The company recently released their first blended whisky, simply named 'Peat', which is arguably the most crucial element of many Islay whiskies. This blended malt / vatted malt, meaning that it is a blend of various distilleries' single malts, with no grain whisky involved, is also the first permanent addition to the line-up, rather than a limited or one-off release. The distilleries involved are obviously located on the isle of Islay, with "a handful" of different distillery's whiskies blended together, and each batch is constructed from an average of around 60 casks. It's a bit of a risky name for a whisky I think, since your average punter might look at the name and assume there was nothing else going on, and that it was a one-trick pony. But they'd be wrong of course, as any Islay drinker will happily testify, peat is of course a crucial element of the peaty favourites, but it's only an element, it's not the whole package. One the other hand, peat lovers will take one look at the label and know that they're probably going to fall in love!

There are two different versions of this blended malt from Elements of Islay, a newer version named 'Pure Islay' and reduced to a bottling strength of 45%, and one named 'Full Proof' which as you can guess is bottled at cask / vatting strength of 59.3% with no extra water added. Both are non-chill filtered and naturally coloured, and will be available soon with an RRP of $98 and $128 AUD respectively. And thanks to a sample of each generously sent by Ian from Alba Whisky, the Australian importer for Benromach, Gordon & MacPhail and Port Askaig (among others), I'm able to review both for your reading pleasure. So we'll start with the 45% version first, and then we'll move on to the big daddy!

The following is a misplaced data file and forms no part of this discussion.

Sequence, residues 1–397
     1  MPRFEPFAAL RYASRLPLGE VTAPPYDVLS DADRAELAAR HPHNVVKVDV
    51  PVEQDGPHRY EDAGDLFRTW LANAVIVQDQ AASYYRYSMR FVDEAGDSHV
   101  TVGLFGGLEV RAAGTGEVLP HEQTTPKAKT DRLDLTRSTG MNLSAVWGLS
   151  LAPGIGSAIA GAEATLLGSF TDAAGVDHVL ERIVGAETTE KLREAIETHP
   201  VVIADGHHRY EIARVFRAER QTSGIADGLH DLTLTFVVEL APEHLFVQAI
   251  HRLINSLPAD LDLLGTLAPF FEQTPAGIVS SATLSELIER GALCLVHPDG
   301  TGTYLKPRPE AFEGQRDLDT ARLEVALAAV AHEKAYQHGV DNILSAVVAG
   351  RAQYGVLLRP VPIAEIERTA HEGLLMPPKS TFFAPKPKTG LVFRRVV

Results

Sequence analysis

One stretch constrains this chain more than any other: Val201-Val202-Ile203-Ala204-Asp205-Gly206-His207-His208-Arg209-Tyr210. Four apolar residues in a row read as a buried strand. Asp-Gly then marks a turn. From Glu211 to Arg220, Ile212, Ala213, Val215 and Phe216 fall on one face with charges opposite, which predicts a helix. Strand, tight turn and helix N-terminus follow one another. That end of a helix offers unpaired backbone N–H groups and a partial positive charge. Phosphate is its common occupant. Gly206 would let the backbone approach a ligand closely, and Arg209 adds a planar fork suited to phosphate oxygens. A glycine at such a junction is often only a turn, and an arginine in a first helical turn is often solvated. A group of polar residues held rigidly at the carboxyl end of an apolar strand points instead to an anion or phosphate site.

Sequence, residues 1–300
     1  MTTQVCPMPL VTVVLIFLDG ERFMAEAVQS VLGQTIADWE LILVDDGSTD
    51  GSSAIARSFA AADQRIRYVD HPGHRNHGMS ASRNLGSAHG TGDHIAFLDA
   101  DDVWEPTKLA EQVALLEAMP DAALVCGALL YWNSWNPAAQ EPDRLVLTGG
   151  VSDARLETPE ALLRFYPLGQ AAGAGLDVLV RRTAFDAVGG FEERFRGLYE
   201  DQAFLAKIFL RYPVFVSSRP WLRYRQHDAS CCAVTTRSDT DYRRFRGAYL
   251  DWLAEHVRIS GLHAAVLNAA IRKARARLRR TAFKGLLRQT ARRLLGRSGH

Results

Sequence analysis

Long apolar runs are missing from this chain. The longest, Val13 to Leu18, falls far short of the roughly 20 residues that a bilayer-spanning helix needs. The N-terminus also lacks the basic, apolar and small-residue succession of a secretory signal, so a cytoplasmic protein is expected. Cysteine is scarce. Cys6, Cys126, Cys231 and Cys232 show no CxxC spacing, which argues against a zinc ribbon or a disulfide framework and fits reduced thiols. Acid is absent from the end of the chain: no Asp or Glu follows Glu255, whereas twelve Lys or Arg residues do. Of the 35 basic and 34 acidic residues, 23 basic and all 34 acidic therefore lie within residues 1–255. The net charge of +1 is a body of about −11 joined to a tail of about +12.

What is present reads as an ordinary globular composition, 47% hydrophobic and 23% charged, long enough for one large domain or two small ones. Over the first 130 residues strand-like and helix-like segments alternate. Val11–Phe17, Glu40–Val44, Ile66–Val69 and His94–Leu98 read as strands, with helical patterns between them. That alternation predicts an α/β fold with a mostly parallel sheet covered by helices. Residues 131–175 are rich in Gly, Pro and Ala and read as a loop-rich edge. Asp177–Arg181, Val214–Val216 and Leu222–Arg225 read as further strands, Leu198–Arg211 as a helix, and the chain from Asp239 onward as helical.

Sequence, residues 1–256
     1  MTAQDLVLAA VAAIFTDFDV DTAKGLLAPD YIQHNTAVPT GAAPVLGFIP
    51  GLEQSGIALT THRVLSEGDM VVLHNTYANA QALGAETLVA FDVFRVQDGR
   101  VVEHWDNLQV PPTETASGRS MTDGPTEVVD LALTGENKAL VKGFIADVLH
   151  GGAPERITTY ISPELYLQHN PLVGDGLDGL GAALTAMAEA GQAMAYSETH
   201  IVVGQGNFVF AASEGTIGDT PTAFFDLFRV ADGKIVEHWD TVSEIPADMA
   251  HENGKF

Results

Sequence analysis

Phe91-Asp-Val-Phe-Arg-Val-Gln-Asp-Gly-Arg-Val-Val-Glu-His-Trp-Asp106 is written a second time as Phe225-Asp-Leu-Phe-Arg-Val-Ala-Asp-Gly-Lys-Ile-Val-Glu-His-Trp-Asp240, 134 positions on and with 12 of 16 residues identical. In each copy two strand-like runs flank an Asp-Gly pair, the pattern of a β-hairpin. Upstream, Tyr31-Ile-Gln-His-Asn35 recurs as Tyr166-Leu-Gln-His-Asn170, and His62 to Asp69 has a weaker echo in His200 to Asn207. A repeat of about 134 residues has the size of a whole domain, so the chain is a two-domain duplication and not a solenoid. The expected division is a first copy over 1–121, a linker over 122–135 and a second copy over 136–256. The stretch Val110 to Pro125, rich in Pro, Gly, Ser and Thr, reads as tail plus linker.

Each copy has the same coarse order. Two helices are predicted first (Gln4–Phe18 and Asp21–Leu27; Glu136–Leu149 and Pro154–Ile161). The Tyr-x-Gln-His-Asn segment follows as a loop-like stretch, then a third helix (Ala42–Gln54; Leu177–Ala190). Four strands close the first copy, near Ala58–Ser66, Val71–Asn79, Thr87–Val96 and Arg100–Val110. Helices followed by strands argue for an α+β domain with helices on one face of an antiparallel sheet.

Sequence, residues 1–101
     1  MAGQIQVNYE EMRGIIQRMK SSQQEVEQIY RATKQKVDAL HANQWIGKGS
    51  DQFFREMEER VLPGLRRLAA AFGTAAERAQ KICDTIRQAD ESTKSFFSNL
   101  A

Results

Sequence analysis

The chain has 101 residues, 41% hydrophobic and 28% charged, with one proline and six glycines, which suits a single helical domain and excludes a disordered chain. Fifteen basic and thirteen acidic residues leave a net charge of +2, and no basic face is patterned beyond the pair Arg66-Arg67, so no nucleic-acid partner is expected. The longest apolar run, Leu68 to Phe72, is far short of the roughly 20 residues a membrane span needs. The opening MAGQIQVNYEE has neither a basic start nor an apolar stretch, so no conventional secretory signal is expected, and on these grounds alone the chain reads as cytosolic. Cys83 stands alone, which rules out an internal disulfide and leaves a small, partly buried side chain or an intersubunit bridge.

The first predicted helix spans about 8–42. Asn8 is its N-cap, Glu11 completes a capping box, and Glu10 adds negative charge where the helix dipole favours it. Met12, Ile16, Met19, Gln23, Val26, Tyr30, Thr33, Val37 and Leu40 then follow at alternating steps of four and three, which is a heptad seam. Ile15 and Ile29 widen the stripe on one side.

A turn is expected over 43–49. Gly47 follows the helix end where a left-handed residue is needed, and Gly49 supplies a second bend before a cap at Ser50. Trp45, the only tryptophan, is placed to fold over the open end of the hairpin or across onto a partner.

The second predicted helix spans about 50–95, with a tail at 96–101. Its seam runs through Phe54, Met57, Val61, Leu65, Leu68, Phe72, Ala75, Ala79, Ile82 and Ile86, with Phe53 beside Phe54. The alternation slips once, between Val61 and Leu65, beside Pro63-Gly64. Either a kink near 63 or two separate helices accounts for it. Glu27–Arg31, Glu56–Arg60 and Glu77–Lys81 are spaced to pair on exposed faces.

Elements of Islay Peat 'Pure Islay', 45.0%, NAS. Islay, Scotland.
Blended / vatted malt (blend of different single malts, no grain whisky) from various Islay distilleries, around 60 casks in each batch, produced by Specialty Drinks. Non-chill filtered, natural colour. 

Colour: Extremely pale, white wine. 

Nose: Warm & soft. Comforting earthy & slightly vegetal peat, some sweet ham hock. Very coastal as well, with sea spray, a wet volcanic rock minerality, and some cool sand. A little orange as well, and a light spicy ash. Slightly grassy too, and more time brings out a sugary vanilla icing.  

Texture: Light-medium weight, plenty of flavour, and no heat at all. 

Taste: Very nice. Initially quite soft, then a wave of mild fruit syrup sweetness and an earthy, lightly spicy peat. Lovely spicy ash and a little creamy vanilla. 

Finish: Medium length. Softens again with a combination of that honey ham sweetness and soft, earthy peat. A slight bitterness here too which passes quickly and leaves that sweet fruit syrup, a lick of salt and that mild earthy, coastal peat.

Score: 3.5 out of 5.

Notes: Very easy drinking, dangerously drinkable actually! The peat is definitely not the only point of interest here, there's plenty going on. No overt cask influence or fancy flair, just clean spirit, and like it says on the tin: "Pure Islay". I couldn't guess the entire contents in the blend, but I'd say there's definitely some Caol Ila in there thanks to that sweet ham note, and possibly some Ardbeg or even Kilchoman as well. Among others of course. Very enjoyable, and a great 'session-able' dram. What a wine drinker might call a "quaffer"! 

Elements of Islay Peat 'Full Proof', 59.3%, NAS. Islay, Scotland.